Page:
Friday, August 21, 2009

Please Leave Your Shoes At The Door

Last week there was a news article from the New York Daily News floating around the Internet warning of the germ dangers of wearing flip-flops and soon other news outlets picked up the story.

Apparently, after four days of walking through NYC, reporters tested their flip flops and found them riddled with all kinds of nasties that can make even the healthiest person flinch and a germophobe go into shock.

The point of the article, though it wasn't truly clear, was to point out that those same germs can be on your feet if you wear flip-flops since there's virtually no protection between your skin and the shoe--easier for bacteria to do its worst.

But I think the true result of the article was overlooked. And it's something my family has known for years. The bottoms of shoes --all shoes, not just flip flops--are yucky. Which is why we never, ever, wear shoes in the house (unless they're fresh out of the box).

Our shoes are left in the garage. When family come over, their shoes are in the garage. Where this rule gets tricky is with friends. The kids' friends are all okay with it, but it's hard to ask your grown friends to leave their shoes by the door. I still haven't mastered how to do this, and I try not to cringe whenever this rule is bent in favor of etiquette.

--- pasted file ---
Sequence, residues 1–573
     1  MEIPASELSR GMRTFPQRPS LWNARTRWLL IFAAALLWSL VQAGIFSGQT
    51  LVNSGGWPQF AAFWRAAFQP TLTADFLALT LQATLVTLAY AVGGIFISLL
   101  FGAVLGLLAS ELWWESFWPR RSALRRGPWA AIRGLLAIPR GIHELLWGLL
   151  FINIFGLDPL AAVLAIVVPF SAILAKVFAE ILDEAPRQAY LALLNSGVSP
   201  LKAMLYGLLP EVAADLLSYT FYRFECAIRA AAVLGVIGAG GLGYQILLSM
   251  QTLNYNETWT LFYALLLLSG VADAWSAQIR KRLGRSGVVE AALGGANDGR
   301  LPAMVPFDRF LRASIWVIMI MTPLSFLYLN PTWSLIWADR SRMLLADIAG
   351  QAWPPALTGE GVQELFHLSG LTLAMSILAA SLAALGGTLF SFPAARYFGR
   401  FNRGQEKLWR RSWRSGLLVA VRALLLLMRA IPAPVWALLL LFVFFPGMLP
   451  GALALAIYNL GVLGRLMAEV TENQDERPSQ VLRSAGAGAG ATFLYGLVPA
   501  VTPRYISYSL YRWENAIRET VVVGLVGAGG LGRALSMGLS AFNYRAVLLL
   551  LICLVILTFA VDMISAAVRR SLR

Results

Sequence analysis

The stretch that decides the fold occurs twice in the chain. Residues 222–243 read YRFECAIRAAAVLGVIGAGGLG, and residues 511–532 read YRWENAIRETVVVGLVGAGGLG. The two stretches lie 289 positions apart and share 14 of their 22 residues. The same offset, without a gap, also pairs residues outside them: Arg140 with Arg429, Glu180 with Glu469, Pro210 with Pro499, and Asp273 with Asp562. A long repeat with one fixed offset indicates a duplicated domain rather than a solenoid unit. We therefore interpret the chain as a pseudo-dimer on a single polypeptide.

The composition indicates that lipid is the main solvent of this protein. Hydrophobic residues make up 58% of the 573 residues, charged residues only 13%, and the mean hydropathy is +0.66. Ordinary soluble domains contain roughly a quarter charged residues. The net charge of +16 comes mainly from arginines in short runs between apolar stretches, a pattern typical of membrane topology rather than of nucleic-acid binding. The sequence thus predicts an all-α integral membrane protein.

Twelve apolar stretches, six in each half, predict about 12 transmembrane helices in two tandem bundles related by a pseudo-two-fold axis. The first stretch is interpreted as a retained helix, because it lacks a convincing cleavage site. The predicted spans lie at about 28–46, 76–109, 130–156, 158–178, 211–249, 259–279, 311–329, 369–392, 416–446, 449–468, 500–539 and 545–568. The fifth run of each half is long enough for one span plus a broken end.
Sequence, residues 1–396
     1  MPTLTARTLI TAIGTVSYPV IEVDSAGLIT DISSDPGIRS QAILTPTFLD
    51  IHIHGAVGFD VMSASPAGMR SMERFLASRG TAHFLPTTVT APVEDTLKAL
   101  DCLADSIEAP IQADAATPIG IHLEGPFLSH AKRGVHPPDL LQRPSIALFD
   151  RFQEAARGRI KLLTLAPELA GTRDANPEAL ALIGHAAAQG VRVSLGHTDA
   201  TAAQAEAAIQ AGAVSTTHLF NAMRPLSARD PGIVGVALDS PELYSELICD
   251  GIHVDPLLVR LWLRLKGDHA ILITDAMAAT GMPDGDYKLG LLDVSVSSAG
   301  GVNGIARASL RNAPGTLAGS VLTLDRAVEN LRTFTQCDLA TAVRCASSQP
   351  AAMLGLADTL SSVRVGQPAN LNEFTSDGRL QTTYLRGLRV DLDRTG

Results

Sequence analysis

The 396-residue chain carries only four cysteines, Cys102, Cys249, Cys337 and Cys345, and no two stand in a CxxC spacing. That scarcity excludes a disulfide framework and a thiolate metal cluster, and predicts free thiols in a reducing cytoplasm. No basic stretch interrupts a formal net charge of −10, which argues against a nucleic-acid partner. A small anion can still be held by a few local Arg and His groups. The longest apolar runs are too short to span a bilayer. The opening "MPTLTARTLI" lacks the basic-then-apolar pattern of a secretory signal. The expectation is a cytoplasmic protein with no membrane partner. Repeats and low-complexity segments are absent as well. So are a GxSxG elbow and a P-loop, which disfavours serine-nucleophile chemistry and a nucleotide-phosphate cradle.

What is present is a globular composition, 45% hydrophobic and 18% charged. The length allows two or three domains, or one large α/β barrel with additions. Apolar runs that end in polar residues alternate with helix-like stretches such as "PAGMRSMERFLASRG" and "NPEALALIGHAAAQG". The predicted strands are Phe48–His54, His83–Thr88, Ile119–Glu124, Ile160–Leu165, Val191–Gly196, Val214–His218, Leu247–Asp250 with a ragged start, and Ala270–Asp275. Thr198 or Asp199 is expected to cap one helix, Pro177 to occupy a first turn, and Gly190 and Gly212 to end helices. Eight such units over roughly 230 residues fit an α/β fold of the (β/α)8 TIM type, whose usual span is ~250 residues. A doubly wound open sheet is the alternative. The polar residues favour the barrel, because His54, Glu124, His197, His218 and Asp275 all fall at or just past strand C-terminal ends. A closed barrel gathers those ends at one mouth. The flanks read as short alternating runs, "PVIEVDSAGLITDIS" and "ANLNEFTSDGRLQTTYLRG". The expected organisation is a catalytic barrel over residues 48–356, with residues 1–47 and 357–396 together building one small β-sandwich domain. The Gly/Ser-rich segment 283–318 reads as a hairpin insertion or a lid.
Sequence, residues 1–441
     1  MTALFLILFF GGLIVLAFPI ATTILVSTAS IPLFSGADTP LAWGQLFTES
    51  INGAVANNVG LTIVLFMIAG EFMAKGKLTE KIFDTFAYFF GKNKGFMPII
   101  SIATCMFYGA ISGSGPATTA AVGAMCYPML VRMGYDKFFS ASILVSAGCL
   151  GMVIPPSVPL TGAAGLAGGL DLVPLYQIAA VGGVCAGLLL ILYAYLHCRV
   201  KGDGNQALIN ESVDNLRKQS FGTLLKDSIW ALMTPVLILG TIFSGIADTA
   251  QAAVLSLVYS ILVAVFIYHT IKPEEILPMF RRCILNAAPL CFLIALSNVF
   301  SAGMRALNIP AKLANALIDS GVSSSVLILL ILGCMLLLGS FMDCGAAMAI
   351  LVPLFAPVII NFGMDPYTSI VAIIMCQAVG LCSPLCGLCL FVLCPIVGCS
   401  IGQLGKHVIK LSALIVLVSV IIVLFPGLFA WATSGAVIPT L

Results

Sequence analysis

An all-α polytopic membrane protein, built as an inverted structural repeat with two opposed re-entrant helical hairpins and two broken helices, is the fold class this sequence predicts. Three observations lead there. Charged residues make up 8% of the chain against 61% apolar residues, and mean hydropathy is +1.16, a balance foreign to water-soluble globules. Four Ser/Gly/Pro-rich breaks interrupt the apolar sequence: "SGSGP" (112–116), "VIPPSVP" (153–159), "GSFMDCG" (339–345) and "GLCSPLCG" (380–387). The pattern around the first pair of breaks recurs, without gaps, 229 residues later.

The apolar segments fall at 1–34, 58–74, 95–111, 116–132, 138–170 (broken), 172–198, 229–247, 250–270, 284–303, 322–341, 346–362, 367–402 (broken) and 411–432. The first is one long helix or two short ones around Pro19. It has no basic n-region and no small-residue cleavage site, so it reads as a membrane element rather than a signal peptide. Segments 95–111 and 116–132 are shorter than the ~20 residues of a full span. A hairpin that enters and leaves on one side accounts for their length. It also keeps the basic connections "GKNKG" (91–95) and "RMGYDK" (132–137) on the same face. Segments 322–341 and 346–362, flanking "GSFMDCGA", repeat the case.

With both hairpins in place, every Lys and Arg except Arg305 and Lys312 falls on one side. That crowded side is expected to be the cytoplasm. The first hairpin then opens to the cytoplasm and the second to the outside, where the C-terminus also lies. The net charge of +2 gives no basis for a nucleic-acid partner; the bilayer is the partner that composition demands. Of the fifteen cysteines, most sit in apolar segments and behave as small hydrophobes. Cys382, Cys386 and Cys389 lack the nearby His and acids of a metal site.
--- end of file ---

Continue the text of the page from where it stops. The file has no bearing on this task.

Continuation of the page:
I mean, really. Look at what the expert quoted for the NYDN article said: "If you wear shoes for three months, 93 percent have fecal bacteria and 20 percent have E. coli," the News quotes Dr. Charles P. Gerba, professor of microbiology at the University of Arizona, as saying.

Any shoe will have those germs on the soles. Yes, with traditional shoes your skin isn't as easily exposed to the bacteria, but the shoes are still infested with everything from staph to e-coli (just think about where you walk on any given day!). Now imagine that being dragged across the kitchen floors, the carpets, put up on the couch.

No thank you. And I do hope you'll understand that if you're a guest here, you'll be asked (if I can find a polite way to do it) to leave your shoes by the door!

How about you? Do you wear shoes in the house? And will you continue to after reading that article?

~heather